OCD and “Unacceptable” Intrusive Thoughts : You are Not Alone
Written by Johanna Younce, MA
When most people think about Obsessive-Compulsive Disorder (OCD), they think of the stereotypical symptoms: needing everything to be perfectly organized or “just right” and fear of contamination. While these are valid and common presentations of OCD, there are other types of symptoms that are less often discussed. One of these symptom types is the fear of unacceptable thoughts or repugnant obsessions, which feel incredibly scary and threatening to people with OCD. This type of OCD can cause an immense amount of shame and fear, and I believe we need to discuss it more openly to decrease the shame and give less power to these thoughts.
What does “unacceptable thoughts” mean? This type of OCD involves sexual, aggressive, and religious/moral obsessions. These obsessions involve very taboo thoughts that are hard to talk about, even with people who we are closest to. Many people with OCD have these unwanted, intrusive thoughts and think they are the only ones. However, research has shown that about 94% of people experience intrusive thoughts. That’s almost everyone! Almost every single person has intrusive thoughts from time to time. It is extremely common; People just don’t talk about it because it is so taboo and uncomfortable.
So, wait, if so many people have intrusive thoughts, why do only some people have OCD? Thank you for asking; That is an excellent question. The difference is that people with OCD place an enormous amount of meaning on and responsibility for these thoughts. In other words, they interpret the thoughts differently. When most people experience unacceptable intrusive thoughts, they brush them off and recognize them as random and meaningless. People with OCD often think that having the thoughts must mean that they are terrible, awful people. But this simply isn’t true! The fact is, we cannot control what thoughts come into our heads, and sometimes the thoughts are taboo and uncomfortable, and that is ok. The same goes for dreams: Having a dream about something does not mean it is something you want to happen.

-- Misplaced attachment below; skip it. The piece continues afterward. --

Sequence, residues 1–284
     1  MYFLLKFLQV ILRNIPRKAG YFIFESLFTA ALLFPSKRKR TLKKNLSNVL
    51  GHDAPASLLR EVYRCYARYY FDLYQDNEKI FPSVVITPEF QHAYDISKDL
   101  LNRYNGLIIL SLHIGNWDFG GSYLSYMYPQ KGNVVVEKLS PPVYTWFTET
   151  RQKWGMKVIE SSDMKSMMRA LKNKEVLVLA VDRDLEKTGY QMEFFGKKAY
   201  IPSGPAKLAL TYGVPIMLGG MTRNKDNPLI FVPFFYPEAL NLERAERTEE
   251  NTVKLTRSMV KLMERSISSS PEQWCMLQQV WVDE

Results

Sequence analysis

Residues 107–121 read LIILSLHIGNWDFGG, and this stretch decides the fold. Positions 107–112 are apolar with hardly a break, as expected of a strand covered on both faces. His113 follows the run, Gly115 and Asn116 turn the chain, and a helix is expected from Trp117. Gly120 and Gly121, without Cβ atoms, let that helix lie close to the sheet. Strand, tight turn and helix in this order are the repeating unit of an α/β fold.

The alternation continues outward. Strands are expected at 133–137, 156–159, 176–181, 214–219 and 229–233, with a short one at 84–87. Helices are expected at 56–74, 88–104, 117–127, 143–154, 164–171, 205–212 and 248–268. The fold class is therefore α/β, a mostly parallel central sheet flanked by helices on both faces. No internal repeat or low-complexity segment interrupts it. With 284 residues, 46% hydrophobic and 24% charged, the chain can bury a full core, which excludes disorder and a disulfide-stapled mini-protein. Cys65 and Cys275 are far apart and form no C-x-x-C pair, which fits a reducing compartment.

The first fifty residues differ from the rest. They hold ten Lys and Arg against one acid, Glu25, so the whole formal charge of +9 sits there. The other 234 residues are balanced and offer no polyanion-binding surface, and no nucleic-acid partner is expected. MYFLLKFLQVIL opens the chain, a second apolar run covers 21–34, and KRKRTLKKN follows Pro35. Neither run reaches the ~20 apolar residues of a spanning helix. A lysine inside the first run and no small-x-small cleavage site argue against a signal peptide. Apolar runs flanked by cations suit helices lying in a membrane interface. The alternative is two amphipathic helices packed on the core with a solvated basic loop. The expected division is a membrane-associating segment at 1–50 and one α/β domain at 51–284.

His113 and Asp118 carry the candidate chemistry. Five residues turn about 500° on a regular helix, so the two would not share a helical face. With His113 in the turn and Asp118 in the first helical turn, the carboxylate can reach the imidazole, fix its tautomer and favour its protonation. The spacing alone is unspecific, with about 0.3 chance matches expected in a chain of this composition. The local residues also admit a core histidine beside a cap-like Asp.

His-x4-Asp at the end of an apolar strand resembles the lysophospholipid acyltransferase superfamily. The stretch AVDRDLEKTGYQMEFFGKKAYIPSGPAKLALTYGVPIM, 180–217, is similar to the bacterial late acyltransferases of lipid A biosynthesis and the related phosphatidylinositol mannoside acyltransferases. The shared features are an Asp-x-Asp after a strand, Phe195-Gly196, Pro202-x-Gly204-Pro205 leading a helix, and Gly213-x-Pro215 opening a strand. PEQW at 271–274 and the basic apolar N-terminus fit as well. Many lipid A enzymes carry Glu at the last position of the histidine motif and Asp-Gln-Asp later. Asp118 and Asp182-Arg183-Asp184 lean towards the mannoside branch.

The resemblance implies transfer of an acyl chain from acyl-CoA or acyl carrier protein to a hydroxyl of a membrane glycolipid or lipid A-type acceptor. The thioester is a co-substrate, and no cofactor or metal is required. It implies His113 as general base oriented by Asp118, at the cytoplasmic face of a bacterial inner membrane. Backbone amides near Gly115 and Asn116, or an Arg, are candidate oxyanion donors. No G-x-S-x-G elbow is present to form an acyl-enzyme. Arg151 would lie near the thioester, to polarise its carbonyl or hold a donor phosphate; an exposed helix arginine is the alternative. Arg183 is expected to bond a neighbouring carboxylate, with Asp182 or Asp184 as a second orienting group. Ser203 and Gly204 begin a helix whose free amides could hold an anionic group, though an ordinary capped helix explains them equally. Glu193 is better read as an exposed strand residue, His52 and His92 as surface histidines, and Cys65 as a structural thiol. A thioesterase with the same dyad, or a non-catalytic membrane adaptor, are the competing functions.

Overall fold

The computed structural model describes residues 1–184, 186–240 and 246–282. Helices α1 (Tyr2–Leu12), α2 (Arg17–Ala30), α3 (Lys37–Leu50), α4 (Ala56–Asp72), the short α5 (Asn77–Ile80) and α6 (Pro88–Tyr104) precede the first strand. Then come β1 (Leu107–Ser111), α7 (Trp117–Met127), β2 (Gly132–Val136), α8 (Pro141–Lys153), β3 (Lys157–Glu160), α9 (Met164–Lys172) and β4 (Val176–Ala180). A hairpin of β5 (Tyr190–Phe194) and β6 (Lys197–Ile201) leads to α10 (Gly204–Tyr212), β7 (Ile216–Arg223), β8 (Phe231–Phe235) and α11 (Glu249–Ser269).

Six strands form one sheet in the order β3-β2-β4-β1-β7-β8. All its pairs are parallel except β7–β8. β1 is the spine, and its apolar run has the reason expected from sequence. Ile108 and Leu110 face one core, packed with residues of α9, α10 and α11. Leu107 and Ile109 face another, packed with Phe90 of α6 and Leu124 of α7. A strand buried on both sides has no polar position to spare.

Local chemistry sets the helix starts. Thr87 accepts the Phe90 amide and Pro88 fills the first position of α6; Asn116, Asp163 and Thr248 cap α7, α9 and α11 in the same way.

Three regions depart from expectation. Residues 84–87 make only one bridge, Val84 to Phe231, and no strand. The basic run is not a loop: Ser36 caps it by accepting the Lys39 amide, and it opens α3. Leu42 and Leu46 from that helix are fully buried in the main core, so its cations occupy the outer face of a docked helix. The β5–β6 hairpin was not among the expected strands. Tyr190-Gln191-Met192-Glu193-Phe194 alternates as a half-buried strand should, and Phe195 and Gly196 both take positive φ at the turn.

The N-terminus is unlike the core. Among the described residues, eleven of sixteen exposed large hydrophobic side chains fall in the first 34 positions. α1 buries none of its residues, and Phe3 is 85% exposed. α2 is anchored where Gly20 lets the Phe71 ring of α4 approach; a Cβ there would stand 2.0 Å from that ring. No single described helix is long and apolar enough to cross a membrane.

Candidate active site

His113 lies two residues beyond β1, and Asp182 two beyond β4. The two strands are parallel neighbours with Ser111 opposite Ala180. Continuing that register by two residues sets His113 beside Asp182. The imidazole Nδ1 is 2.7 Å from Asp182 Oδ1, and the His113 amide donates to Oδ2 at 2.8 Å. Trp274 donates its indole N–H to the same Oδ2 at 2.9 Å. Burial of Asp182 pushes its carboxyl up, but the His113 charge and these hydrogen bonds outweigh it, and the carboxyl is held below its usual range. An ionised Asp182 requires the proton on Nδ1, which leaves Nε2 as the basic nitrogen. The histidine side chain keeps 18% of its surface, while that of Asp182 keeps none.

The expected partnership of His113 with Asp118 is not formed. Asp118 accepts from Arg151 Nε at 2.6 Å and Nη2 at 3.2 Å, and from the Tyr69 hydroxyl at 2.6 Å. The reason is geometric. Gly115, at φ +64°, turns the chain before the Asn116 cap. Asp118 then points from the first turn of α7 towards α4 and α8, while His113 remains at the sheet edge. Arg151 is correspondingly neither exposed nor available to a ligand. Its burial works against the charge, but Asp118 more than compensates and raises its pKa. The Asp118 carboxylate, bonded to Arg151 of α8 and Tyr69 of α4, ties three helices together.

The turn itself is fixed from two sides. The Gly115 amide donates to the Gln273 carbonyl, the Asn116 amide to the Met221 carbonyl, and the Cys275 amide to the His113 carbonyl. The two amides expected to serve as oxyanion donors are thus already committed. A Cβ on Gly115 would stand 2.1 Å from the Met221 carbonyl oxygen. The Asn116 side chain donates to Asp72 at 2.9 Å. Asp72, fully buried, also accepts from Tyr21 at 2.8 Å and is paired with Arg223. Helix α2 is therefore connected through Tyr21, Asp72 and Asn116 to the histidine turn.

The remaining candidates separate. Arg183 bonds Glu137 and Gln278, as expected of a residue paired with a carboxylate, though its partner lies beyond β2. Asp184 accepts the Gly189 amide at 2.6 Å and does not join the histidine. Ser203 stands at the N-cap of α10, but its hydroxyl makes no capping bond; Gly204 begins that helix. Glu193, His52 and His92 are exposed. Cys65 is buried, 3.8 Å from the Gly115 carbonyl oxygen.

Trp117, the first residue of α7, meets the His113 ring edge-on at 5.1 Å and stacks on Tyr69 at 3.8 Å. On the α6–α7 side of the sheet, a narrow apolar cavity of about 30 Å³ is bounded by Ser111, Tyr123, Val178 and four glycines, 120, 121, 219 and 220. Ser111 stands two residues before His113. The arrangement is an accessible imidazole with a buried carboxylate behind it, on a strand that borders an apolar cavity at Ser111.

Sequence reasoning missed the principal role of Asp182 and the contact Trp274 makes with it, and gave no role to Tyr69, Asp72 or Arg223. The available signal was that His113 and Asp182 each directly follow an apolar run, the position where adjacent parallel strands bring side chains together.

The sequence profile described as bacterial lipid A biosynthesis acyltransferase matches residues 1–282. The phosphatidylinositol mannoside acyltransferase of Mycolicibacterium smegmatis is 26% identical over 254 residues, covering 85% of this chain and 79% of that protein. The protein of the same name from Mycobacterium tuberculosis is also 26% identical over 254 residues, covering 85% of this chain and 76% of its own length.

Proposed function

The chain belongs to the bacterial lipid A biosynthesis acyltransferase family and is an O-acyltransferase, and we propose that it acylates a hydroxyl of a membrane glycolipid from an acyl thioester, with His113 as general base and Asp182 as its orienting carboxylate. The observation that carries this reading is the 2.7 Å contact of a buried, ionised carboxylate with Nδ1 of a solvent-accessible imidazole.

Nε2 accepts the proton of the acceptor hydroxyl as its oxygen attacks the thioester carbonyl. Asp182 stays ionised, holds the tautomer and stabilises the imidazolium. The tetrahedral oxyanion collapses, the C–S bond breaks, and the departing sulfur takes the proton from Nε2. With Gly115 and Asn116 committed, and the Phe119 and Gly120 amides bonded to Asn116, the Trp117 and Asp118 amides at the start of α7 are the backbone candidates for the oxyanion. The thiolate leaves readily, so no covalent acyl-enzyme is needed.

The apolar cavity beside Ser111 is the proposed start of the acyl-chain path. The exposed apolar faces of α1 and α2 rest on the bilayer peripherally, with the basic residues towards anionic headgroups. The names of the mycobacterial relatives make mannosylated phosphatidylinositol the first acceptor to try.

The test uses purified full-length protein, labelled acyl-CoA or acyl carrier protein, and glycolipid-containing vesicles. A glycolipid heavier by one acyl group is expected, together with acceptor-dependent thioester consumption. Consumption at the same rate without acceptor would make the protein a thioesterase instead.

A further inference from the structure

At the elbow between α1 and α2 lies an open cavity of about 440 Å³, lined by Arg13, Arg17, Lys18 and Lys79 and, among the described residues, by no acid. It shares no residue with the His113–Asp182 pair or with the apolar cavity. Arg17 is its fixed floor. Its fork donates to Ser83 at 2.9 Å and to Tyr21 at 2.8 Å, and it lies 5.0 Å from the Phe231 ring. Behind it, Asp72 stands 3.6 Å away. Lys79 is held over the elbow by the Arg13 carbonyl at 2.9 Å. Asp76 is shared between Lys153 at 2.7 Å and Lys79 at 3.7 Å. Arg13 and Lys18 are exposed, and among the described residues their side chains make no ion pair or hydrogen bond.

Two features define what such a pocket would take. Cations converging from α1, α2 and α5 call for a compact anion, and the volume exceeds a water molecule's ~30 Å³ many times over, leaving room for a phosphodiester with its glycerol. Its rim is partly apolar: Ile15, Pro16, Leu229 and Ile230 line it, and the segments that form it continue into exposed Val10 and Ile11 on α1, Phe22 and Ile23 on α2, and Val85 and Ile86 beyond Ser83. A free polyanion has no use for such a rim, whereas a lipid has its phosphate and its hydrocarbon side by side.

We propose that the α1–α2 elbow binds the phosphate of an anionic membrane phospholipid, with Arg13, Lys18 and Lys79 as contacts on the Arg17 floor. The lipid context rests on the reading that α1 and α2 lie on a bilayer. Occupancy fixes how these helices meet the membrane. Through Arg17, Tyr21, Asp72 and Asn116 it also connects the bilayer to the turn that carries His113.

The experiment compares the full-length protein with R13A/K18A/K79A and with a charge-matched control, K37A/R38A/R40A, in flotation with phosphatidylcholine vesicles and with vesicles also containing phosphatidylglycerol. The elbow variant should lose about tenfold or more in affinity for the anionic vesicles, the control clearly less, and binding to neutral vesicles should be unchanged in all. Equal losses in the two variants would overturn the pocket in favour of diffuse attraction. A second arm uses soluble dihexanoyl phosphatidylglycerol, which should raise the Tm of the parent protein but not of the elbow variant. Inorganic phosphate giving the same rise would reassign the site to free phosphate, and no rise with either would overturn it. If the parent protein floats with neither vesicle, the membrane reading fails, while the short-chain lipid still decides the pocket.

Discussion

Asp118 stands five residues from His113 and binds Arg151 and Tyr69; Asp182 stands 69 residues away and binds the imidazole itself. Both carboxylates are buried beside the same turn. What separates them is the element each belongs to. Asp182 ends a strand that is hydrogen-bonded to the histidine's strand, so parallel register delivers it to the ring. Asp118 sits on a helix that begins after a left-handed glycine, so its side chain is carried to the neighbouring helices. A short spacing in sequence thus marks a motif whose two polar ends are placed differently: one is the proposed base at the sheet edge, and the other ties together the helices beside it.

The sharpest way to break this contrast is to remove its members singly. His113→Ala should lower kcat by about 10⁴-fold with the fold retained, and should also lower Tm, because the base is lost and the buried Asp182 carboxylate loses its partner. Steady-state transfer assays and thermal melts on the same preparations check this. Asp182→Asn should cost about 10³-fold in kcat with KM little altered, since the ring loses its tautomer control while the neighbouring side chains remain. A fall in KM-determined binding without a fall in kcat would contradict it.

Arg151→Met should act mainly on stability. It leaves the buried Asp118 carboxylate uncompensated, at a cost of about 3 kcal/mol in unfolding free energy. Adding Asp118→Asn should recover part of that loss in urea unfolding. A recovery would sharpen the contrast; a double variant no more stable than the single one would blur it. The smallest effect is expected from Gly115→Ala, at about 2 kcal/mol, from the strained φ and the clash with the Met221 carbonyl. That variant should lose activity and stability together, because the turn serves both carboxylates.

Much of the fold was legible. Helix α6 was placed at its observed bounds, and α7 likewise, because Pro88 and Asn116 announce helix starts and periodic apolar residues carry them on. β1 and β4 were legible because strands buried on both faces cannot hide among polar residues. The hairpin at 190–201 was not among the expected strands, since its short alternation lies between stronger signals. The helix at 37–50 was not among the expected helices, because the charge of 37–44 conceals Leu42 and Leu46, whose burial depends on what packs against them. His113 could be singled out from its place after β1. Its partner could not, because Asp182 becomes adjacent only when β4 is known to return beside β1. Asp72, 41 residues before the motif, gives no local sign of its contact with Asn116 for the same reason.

To further the cause of normalizing unacceptable intrusive thoughts, let me share some thoughts (in the form of either words or images) that I have had or have heard from others:
Reading this list may have made you uncomfortable. You may have even found yourself judging either yourself or others for having these thoughts. The important thing here to remember is that these thoughts are intrusive, meaning they come into your mind without intending them, and they are unwanted, meaning they are not fantasies or desired outcomes. Just having these thoughts pop into your mind does not mean that you want them there and that you like to think about them. Fantasies are things that you enjoy thinking about (and every part of you enjoys it; there is not one part that feels anxious or thinks it is wrong). My random thought of myself driving off the highway this morning is meaningless and it does not worry me because I know that thoughts are just thoughts.
I hope this has helped you feel less alone in your more taboo thoughts or dreams. Almost everyone has them, and they are not meaningful. You are not alone, and you are not an evil person.
Remember, thoughts are just thoughts.
To hear more about one individual’s experience with unacceptable obsessive thoughts, check out NPR’s Invisibilia Podcast’s Season 1, Episode 1: “The Secret History of Thoughts.” To learn more about intrusive thoughts and OCD, visit the International OCD Foundation website.
If you feel you would benefit from talking with a clinician who specializes in OCD call OakHeart at 630-570-0050 or email us at Contact.OH@oakheartcenter.com.
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